Local fishing industry leaders have reacted positively to the limited agreement on quotas for next year agreed at the Fisheries Council, in particular an increase in the amount of high value megrim that can be caught.
But with the EU-Norway talks that presage the annual gathering in Brussels having broken up last week without agreement, they were at pains to point out that the key decisions that will affect isles fishermen have yet to be taken. The talks are due to resume next month.
At the council, which came to an end on Tuesday evening, quotas for North Sea prawn and monkfish were rolled over, while the megrim quota was increased by 10 per cent. Interim quotas of 65 per cent of this year’s quotas were set for haddock, mackerel and cod until resolution is reached between the EU and Norway.
The “catch less, land more” trials pioneered by Scotland also got support from the council as an innovative way of rewarding fishermen for their conservation efforts. In return for catching and discarding less, fishermen will be allowed to land and earn more.
Chief executive of the Shetland Fishermen’s Association Hansen Black said that although many of the decisions that will have a direct impact on Shetland’s fishermen remain undecided, the council had moved things “in the right direction”.
Mr Black said: “We’re pleased that the megrim quota has been increased, megrim is one of the main stocks and a very valuable and important stock. There is some disappointment that the increase is not more than 10 per cent but we still think it’s moving in the right direction.
“A lot of the main quotas, for North Sea haddock, cod, mackerel, saithe and herring won’t be agreed until the EU-Norway talks are concluded … in the last week in January. At this moment in time as far as having a right grip on where we’re at … there’s still an awful lot to be decided.”
Speaking in Brussels, Scottish fisheries secretary Richard Lochhead said: “Given the challenging backdrop, these were always going to be tough talks. We have fought hard for our fishermen and the outcome will offer some degree of comfort to parts of our industry.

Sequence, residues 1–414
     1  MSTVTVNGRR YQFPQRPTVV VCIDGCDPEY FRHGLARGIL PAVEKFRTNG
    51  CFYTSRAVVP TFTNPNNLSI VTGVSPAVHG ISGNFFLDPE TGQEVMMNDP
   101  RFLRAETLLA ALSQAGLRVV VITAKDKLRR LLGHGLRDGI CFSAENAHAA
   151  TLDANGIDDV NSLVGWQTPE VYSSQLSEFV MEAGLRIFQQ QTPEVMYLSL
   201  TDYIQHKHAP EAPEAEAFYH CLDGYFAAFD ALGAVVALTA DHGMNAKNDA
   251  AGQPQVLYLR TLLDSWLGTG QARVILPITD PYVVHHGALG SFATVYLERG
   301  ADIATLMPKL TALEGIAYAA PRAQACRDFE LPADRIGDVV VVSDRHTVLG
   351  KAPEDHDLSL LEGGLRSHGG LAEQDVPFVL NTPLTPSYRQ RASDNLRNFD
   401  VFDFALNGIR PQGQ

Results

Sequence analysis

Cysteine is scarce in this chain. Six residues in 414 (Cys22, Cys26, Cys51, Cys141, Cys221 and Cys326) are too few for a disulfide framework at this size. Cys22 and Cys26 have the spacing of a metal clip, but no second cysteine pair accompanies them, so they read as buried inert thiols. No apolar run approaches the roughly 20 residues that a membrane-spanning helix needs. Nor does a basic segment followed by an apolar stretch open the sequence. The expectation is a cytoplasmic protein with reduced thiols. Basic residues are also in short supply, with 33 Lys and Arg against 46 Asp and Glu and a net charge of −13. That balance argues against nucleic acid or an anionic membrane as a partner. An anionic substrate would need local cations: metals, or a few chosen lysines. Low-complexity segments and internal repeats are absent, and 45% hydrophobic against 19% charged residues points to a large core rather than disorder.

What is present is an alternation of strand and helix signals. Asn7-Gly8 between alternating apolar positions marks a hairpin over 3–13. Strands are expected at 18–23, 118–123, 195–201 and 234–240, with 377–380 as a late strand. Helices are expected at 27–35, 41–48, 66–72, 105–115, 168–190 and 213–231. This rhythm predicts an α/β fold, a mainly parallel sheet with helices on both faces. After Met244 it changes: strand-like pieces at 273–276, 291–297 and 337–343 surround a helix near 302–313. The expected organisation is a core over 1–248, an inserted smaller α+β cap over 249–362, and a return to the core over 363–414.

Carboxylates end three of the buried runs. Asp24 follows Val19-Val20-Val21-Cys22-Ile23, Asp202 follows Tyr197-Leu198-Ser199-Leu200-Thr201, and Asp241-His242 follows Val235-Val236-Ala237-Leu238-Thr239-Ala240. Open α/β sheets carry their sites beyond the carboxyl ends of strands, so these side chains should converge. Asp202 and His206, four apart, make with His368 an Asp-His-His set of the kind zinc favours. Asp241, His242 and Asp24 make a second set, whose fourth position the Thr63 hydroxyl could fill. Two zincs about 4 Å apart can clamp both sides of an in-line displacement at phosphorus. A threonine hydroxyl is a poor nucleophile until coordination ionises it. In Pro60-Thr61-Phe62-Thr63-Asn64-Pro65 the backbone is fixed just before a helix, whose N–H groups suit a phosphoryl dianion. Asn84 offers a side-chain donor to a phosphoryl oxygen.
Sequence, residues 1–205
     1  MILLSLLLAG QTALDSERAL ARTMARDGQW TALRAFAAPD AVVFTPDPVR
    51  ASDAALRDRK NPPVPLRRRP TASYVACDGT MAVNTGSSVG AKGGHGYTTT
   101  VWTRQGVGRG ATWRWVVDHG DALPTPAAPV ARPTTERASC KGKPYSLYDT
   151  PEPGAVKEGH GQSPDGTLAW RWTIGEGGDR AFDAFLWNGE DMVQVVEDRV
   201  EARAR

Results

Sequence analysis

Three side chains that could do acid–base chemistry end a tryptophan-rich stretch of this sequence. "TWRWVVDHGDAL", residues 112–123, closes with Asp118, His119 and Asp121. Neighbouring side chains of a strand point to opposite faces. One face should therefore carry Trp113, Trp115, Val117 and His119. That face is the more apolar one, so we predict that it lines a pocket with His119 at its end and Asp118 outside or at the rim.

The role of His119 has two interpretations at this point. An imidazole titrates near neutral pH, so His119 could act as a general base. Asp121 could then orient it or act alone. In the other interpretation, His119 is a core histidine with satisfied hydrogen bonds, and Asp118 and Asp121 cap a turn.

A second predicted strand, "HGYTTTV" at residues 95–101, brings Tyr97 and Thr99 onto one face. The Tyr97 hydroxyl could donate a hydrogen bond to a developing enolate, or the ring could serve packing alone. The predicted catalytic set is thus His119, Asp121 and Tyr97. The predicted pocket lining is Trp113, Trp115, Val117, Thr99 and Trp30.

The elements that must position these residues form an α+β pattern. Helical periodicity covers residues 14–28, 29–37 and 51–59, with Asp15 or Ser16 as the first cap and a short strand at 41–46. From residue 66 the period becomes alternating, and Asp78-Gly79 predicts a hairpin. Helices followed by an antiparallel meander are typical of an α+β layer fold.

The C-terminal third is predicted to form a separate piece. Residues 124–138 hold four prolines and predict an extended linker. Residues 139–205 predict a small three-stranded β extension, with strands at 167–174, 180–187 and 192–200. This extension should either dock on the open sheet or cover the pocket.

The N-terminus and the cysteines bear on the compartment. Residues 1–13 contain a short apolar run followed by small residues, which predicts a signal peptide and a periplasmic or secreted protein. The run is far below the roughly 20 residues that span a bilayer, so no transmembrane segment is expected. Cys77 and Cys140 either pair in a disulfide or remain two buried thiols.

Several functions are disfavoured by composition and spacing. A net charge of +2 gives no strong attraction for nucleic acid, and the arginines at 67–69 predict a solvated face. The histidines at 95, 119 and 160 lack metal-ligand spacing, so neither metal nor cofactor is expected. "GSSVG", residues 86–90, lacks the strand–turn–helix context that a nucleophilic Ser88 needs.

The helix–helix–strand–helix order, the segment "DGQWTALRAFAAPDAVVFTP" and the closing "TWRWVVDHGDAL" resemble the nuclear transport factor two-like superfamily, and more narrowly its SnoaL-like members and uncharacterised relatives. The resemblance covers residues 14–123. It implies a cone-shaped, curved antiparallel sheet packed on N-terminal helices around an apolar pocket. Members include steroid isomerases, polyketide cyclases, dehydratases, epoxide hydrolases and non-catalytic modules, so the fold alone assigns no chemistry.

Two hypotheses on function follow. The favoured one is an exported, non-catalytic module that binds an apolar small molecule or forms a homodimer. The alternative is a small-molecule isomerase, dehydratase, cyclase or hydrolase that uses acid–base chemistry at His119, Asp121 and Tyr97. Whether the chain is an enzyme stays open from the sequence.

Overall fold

“After long negotiations, working with the UK, we have achieved gains for some of our most valuable stocks and secured interim arrangements to ensure stocks shared with Norway can still be fished. We have also secured support for ‘catch less, land more’ trials – another example of Scotland showing international leadership on conservation.
“We do not pretend that life will be any less tough for some vessels, particularly in the whitefish sector. Further cuts in days at sea, agreed before this council, will be challenging but as we did last year we will work with our fishermen to enable them to buy back days in return for signing up to conservation measures.
“Quota cuts, on top of draconian technical measures re-imposed in November, will make life difficult on the west coast but we have successfully negotiated action to ease the pain, including days at sea exemptions, quota flexibility and a re-examination of the emergency measures.
“We will continue to stand shoulder to shoulder with the industry to support them through these difficult times. In the new year we will begin working with them on the detail of a longer-term recovery plan and we will increase our efforts to return more decision-making powers to Scotland. Fishing policy made in Brussels is bad for Scotland and we will shortly be setting out our response to proposals for European fisheries policy.”
Scottish Fishermen’s Federation chief executive Bertie Armstrong warned that while the council had heeded pressure from the SFF and UK governments in lessening the severity of the cutbacks, next year will still produce challenges for fishermen.
Mr Armstrong said: “While the final situation could have been worse, given the original proposals on the table, there is no doubt that the Scottish industry will be facing another tremendously challenging year, with there being a continuing downward trend in quota for many species and further restrictions on days-at-sea.
“The west coast cut in prawns is a blow for this fleet because it is the mainstay for the majority of vessels – although the reduction is less than originally proposed.”
West coast haddock has also been cut significantly, with a 25 per cent fall in the quota for 2010, again less than the original proposal of 54 per cent but with the prospect of another reduction again 2011 depending on the stock science. West of Scotland cod had a small increase of six per cent.